Lyft just gave us the first look inside its financials — and its revenue is growing much faster than its losses

Roman Tirapolsky/shutterstockFiat 500 painted pink and carrying a Lyft logo is parked in the streets of Manhattan.

Lyft has finally publicly filed its long-awaited IPO documents.

The S-1, unveiled for the first time on Friday, is our first look under-the-hood, so to speak, at the company’s financials. Unlike it’s much larger competitor, Uber, Lyft has not publicly released much about its financial situation.

Lyft is losing money – and at a quickening pace – but its revenues are growing even faster.

Lyft made $US2.1 billion in revenue in 2018, the document shows, by providing more than 1 billion rides. That’s up more than six times its $US343.3 million from 2016 and double 2017’s $US1.06 billion.

Losses are also growing

The company posted a $US911.3 million loss in 2018 – its biggest annual loss in the past three years. For 2016 and 2017, its losses were $US682.8 million and $US688.3 million. At this rate, losses have been growing at about 33% per year, much slower than its revenue has grown.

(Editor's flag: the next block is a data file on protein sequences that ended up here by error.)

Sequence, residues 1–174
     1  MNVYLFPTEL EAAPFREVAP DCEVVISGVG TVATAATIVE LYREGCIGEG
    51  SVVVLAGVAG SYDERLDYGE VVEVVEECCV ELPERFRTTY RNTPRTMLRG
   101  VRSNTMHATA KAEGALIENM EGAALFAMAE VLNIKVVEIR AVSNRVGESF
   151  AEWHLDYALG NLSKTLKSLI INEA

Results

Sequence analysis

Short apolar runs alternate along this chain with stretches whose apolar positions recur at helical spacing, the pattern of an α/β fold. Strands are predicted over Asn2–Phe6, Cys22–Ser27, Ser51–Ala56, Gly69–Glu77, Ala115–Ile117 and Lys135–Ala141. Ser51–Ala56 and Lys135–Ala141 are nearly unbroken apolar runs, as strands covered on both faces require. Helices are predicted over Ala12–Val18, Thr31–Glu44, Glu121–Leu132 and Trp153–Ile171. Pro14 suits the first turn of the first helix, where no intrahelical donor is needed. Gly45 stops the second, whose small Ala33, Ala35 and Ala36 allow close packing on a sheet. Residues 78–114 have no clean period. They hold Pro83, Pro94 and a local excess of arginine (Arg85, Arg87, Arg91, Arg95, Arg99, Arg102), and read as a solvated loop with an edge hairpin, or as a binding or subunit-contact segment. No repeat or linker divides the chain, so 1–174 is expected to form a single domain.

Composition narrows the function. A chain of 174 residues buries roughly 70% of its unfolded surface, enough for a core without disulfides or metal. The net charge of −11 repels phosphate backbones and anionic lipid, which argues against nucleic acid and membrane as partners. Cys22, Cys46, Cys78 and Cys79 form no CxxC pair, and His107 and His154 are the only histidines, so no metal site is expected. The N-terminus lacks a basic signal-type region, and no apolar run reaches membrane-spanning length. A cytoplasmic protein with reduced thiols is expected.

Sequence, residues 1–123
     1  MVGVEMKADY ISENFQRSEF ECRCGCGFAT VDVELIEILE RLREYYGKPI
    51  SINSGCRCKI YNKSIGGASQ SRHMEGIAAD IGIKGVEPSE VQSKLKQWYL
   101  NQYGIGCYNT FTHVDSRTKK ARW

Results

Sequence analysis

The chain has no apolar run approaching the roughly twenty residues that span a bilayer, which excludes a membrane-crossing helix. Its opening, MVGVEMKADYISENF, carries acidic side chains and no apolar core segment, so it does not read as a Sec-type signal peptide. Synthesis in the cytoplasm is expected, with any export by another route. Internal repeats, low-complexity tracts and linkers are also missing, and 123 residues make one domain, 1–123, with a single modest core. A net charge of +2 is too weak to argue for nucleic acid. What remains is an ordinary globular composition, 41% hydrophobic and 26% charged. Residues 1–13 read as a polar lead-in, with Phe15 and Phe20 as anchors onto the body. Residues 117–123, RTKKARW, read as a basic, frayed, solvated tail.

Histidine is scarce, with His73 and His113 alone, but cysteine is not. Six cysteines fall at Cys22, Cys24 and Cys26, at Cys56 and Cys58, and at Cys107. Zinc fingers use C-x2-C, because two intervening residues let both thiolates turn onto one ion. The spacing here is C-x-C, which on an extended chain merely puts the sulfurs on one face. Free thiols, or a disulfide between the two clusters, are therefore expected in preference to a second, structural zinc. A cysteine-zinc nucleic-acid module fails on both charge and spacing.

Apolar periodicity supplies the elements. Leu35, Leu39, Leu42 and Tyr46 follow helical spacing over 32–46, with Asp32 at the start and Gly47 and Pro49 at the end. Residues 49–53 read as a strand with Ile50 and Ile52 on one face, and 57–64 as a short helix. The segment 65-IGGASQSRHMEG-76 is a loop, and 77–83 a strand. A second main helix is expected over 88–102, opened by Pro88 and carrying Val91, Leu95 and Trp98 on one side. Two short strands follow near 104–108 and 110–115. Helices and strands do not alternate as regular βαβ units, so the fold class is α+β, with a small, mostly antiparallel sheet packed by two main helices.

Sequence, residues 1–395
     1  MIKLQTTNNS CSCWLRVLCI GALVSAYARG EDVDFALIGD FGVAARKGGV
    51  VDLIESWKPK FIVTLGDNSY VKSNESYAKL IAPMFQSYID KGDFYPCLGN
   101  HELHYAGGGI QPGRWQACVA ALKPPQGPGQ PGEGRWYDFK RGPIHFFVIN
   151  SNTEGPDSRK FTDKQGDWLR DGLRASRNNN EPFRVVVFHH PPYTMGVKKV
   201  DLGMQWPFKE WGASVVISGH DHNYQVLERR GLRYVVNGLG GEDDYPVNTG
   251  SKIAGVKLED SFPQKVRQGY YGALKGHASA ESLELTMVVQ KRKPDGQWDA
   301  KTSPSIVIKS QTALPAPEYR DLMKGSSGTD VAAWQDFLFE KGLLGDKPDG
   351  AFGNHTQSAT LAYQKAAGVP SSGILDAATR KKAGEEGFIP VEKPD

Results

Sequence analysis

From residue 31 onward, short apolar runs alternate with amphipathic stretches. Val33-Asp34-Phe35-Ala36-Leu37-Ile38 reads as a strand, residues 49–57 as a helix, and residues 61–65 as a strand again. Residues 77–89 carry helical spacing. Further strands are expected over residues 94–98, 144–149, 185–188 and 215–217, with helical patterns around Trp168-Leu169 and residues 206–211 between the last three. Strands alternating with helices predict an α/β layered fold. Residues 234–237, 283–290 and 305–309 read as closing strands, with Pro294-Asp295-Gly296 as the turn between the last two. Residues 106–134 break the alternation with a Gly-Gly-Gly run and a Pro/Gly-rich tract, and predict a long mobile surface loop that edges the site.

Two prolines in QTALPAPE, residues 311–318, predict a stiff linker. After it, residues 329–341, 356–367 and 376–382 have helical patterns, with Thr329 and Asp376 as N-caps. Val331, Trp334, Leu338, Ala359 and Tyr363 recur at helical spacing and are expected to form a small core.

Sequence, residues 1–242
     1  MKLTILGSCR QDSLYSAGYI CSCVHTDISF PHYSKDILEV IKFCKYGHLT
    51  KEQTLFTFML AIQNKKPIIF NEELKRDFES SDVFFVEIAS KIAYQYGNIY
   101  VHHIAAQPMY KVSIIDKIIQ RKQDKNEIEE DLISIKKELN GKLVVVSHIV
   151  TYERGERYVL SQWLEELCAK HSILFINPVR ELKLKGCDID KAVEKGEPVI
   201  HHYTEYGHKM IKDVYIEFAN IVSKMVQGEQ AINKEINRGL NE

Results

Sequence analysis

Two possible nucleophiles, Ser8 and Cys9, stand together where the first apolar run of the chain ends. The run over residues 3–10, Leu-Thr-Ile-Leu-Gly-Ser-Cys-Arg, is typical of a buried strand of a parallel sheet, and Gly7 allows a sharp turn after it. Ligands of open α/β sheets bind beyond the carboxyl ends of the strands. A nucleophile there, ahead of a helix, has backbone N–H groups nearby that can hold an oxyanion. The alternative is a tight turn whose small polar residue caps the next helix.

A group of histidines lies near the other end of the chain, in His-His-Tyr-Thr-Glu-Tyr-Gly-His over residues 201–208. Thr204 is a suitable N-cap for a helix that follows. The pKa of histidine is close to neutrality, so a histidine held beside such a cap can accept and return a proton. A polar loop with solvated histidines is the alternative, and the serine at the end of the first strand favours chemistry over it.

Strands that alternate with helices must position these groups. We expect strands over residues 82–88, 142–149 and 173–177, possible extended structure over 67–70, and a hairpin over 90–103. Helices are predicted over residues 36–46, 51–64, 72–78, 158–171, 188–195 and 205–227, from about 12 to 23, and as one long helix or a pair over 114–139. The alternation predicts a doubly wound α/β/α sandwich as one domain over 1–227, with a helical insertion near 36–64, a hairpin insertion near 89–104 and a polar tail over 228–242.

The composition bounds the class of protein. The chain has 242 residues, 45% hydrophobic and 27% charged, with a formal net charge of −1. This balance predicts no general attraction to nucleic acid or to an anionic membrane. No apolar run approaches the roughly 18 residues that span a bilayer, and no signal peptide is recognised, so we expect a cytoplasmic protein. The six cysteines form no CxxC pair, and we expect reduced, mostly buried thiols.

“Our expenses will likely increase in the future as we develop and launch new offerings and platform features, expand in existing and new markets, increase our sales and marketing efforts and continue to invest in our platform,” the company said in its filing.

Revenue as a percentage of bookings, a key factor for all ride-hailing companies, is also steadily growing. In its most recent quarter, that percentage had topped 28%. The company says this measure is key because helps to gauge driver utilization on the platform, and “earn increased service fees and commissions from drivers.”

Then there’s the per-ride question.

Lyft makes about $US36 per rider, it said – that’s up from nearly half that in 2016 as the company finds ways to make each and every ride on its platform more profitable. Products like Lyft Line, a shared ride with multiple customers, can help the company boost that per-ride revenue number given there’s only one driver to pay for each shared ride.

Here’s its most recent financial data, from the filing:

More from Lyft’s IPO filing:

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